Let Hot Men Sell Environmentalism
Last week, in an interview about eco-fashion, I was asked how it related to womens' positive body image. Given that some of our most popular fashion posts have featured busty, near-nude models, I had been mulling it over and answered that the best we can hope for in the foreseeable future is equal opportunity objectification. "Sustainable" textiles becoming mainstream means selling them in the way the public expects: preying on all of the hopes, fears and longings of consumers through image-making. Do men with Photoshop-enhanced six packs and Marky Mark-like endowment sell conventional underwear? Well, then, let them sell organic cotton and bamboo.Today on Eco-Chick, Starre commented along similar lines when discussing the Ecobabes calendar controversy:
I’m not opposed to natural beauty being appreciated, but honestly, I’d like to see some ecohunks too- some young, shirtless guys who work hard for the Earth…I can imagine some forest rangers, environmental scientists and maybe even bloggers (wink, wink) who would look great half-naked in a calendar whose proceeds would benefit green causes. What do you think? Would you buy an EcoHunks calendar in 2008?
Yes. Yes, I would.
Most of the arguments around objectification focus on needing to uproot our patriarchal assumptions (not to mention racist and heterosexist) as we create a more eco-friendly world together. To this, I say that there is one lesson I learned from wading through cultural theory in grad school that made me a happier person in this f***** up world of ours: Jack Tripper will always be a part of me.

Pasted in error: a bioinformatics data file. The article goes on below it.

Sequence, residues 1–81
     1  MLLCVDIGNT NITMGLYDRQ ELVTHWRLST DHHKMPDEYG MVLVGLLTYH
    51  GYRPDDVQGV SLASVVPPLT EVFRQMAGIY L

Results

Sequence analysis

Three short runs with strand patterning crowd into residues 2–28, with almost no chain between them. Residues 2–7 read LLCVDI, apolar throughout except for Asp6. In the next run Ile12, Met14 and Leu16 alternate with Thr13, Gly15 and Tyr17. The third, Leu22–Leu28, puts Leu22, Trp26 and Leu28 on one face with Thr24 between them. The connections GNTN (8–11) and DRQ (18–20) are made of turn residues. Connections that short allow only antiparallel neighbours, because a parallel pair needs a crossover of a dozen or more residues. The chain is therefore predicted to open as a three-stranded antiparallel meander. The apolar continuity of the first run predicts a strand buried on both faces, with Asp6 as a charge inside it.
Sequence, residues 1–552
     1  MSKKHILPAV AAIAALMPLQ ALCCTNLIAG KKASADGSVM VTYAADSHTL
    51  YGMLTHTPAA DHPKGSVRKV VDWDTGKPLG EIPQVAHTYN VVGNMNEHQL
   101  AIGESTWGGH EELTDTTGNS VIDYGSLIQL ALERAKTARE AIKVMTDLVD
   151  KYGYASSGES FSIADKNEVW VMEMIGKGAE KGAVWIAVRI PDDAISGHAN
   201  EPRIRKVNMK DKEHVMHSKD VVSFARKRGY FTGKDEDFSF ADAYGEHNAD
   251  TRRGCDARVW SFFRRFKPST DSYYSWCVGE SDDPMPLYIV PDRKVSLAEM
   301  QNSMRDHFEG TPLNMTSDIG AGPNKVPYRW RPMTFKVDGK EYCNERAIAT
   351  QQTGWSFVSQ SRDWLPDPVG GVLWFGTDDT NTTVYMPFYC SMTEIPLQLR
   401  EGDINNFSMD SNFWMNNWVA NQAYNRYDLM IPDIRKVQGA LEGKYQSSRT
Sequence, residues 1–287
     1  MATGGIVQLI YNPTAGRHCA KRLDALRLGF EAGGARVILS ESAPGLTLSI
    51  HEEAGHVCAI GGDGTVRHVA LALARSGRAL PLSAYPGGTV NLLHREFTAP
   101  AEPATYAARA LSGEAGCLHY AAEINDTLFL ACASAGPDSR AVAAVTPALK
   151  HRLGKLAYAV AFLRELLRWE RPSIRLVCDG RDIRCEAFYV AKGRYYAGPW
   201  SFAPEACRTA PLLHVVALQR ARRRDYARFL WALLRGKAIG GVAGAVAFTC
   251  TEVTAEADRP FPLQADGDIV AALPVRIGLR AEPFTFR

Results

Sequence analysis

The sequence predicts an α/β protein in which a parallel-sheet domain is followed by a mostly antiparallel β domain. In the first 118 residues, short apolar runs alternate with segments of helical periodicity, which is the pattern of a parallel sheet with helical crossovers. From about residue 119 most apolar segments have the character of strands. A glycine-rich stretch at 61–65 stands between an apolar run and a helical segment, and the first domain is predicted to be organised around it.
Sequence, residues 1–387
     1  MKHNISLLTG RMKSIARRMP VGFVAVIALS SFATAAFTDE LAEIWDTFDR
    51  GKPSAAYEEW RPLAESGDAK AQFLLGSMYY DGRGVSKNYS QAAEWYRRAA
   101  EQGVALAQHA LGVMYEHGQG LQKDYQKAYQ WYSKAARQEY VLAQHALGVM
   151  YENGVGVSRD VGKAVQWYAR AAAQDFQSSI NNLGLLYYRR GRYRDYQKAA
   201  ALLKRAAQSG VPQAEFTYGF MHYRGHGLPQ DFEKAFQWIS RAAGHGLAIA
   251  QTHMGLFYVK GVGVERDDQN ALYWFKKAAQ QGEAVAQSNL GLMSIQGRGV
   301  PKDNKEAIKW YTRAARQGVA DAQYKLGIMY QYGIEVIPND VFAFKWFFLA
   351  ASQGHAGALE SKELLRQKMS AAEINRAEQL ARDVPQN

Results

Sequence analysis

It makes sense to get pissed that I watched Three's Company every day after school and learned a bunch of bull**** about what it means to be straight, a woman, white, middle-class, etc. I could spend all my time trying to find my "true self," free of Jack's handsy, polluting influence. Say I did rip him, Chrissy and Janet from my psyche somehow. What would be left underneath all of the "culture"? There's no Kyeann without Three's Company -- I became who I am through interaction with it. No "revolution" or "paradigm shift" will change that. I could spend all of my time trying to be not that Kyeann, but who wants to constitute an identity out of what you're not? Tiring.
It's more fun to accept the cultural messages that have constituted us, tweak them, play with them, and watch change emerge randomly, in spontaneous mutations, as we struggle to leave the world livable using the tools available.